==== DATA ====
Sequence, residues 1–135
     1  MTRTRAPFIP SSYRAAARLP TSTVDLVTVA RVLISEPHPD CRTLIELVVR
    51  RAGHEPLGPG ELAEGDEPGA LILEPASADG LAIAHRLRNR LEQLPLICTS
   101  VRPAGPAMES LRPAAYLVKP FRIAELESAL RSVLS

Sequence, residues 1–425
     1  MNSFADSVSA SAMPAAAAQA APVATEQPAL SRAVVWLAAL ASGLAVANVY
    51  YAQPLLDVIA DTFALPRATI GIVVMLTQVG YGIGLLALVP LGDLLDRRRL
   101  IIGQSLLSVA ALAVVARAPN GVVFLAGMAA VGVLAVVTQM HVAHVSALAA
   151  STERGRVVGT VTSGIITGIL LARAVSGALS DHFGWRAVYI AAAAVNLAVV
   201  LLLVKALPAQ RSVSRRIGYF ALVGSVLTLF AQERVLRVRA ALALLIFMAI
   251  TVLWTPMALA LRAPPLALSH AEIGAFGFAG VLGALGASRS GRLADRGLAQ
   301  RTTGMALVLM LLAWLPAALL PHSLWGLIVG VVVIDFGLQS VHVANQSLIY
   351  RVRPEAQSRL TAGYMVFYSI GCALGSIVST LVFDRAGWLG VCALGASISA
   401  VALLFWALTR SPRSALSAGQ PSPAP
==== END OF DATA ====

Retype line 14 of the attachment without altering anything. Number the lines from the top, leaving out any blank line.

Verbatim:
   401  VALLFWALTR SPRSALSAGQ PSPAP